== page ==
Today’s blog post is brought to you by Ingrid, one of our wonderful cashiers!
An Ode to the Graphic Novel
In my humble opinion, it was hard to find graphic novels worth my time as a young, restless angry teenager. Books held the key to my aching heart. But as I grew older and allowed the gift of time to take over my being (and literary tastes) I began to see Graphic Novels not only as beautiful gems in the sea of literature but a captivating medium of exquisite storytelling.
In the short time I’ve invested reading Graphic Novels, I’ve come across stories that broke my heart and others that mended it. Here are a few of my favourites…
Special Exits by Joyce Farmer
I have to be honest; Special Exits rang so close to home that it was heart-breaking to read in certain sections. The book takes a sensitive subject (like the degenerative health of parents during the last years of their lives) and manages to engage the reader into a tear filled bundle of emotional joy. The artist and author Joyce Farmer took an incredible 11 years to complete this work of art. She’s well known for her contribution for Tits n’ Clits during the raging misogyny in underground commix in the 1970’s. The main characters allow us to suffer alongside them and help us to question our own mortality. Never has a story with such sensitive subject matter managed to instill happiness and sadness inadvertently.
On a lighter note, it was great to see Lars and Rachel (Joyce’s parents) having such a youthful and humorous approach to an otherwise horrible situation. Between being caught in the Los Angeles riots, convalescent homes and grocery shopping we can’t help but imagine what simple excess they’ll get into next. For anyone who has had or is having a similar experience, this book can act as a sedative if not a bittersweet reminder that life in essence is as good as we make it.
Stitches by David Small
Told in a child’s voice we follow a memoir that perhaps could be held a Horror classic if it had been fiction. Through a series of X-Ray procedures and prolonged household silences we follow David through a series of events that morphed his life into an isolated existence. The undercurrent of this plot is in-between those silences. We grasp that being a parent (and a child) never comes with instructions, and therefore we sometimes err unapologetically. In a sequence of events that did more harm than good, David and his parents undergo transformations both literally and emotionally. A beautiful graphic novel if you’re into haunting, melancholic and nightmarish story-telling.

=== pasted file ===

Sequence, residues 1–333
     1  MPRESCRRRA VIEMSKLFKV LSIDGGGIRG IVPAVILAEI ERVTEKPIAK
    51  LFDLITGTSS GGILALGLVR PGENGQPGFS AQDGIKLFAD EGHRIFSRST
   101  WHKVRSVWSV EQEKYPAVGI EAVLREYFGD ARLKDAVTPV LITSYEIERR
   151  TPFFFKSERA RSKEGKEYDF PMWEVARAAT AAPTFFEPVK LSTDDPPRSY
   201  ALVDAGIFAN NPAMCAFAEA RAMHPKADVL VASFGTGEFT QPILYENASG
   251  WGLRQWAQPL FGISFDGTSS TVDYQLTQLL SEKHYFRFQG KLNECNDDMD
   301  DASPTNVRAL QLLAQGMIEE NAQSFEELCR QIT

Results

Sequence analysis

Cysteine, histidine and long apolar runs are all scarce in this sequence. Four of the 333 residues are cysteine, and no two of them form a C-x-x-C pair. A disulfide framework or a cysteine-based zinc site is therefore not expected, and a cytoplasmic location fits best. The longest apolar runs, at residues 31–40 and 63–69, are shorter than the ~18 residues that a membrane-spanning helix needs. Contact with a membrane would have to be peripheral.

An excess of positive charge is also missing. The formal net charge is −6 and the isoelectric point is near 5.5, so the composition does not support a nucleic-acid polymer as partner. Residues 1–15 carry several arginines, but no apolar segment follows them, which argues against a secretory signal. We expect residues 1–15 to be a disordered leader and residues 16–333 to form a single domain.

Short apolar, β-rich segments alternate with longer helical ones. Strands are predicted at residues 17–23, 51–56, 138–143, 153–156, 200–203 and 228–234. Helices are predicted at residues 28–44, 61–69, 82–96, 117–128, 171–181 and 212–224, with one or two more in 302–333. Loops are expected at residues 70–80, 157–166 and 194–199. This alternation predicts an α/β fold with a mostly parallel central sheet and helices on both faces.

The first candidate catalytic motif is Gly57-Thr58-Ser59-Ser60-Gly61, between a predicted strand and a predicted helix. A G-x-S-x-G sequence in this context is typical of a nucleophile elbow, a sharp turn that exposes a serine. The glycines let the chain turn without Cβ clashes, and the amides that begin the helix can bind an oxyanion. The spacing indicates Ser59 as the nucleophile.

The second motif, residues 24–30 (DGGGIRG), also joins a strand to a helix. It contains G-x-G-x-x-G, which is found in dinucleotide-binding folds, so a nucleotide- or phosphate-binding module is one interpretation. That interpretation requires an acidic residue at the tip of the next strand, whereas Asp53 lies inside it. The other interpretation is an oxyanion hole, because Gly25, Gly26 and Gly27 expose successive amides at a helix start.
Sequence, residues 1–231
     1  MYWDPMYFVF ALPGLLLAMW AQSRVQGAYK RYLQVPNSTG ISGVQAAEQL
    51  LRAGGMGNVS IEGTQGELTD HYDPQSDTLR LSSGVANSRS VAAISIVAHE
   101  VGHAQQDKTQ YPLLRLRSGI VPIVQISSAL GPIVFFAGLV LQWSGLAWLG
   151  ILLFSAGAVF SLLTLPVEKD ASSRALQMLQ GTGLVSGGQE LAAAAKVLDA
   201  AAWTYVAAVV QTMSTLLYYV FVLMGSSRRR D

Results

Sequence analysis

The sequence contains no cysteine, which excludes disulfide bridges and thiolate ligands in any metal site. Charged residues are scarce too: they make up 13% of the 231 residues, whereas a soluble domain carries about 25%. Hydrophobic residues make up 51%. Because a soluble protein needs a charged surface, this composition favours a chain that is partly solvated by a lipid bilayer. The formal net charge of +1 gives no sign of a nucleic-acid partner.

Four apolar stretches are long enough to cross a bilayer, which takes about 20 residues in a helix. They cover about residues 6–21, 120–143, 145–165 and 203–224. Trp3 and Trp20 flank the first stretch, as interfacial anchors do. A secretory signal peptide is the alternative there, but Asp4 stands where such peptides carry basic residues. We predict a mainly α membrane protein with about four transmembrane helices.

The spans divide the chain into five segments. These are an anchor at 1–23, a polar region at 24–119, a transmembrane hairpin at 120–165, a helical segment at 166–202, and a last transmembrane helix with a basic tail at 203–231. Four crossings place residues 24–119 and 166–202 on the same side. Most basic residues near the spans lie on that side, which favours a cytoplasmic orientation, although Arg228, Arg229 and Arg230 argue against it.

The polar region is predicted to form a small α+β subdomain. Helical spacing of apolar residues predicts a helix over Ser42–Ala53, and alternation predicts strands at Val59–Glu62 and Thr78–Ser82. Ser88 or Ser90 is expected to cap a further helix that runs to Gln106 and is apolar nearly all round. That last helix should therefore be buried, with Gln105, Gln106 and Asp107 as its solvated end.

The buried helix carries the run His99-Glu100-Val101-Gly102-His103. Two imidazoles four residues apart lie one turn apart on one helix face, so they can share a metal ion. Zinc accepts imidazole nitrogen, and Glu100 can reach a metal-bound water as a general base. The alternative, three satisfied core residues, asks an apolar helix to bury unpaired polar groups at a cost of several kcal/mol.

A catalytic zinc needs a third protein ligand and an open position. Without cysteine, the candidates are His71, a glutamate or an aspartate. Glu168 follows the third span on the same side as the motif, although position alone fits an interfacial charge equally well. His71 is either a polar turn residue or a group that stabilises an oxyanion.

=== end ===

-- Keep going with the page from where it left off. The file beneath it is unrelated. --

Paying For It by Chester Brown
The introduction from Robert Crumb only mildly prepares you for the debauchery that is Paying For It. We follow the blossoming maturity of Chester Brown in his quest for loveless love. Told in a dry hilarious tone with a timbre of magnificent one-liners, Brown introduces us into the simple almost boring world of prostitution (in Canada). The aloofness and mild sentiment of Chesters’ character is almost too endearing. I won’t spoil the story by giving you a step-by-step synopsis as to what to expect, but I will say that after reading this novel you’ll look at the “business”, love and John’s in a whole new light…
My Friend Dahmer by Derf Backderf
My fascination with Serial Killers began at a very young age, needless to say that Dahmer stood out like a bloody thumb in the plethora of evil. I’ve seen plenty of interviews and read an amalgam of discussions on this dude and merely got a glimpse of his “disease”. But I wanted something more, something that came from someone other than himself, an outsiders perspective; enter Derf Backderf. He reminds us that these “killers’ were part of our society, our public school system, our working world before they tinged their reputations. Told in a timeline of unruffled memories and unrequited questions, we are reminded that humanity can be both frail and stout. An enjoyable read if you like that sort of thing.
*On a side note, if you enjoy these beautiful works of art, Robert Crumb (Fritz the Cat, Mr. Natural) is a fascinating entity all his own. If you dare to delve deeper into his psyche (and his frivolous enigmatic sexuality) please check out the movie Crumb available for sale behind the counters, I promise it won’t disappoint.
WARNING: Not for the faint of heart.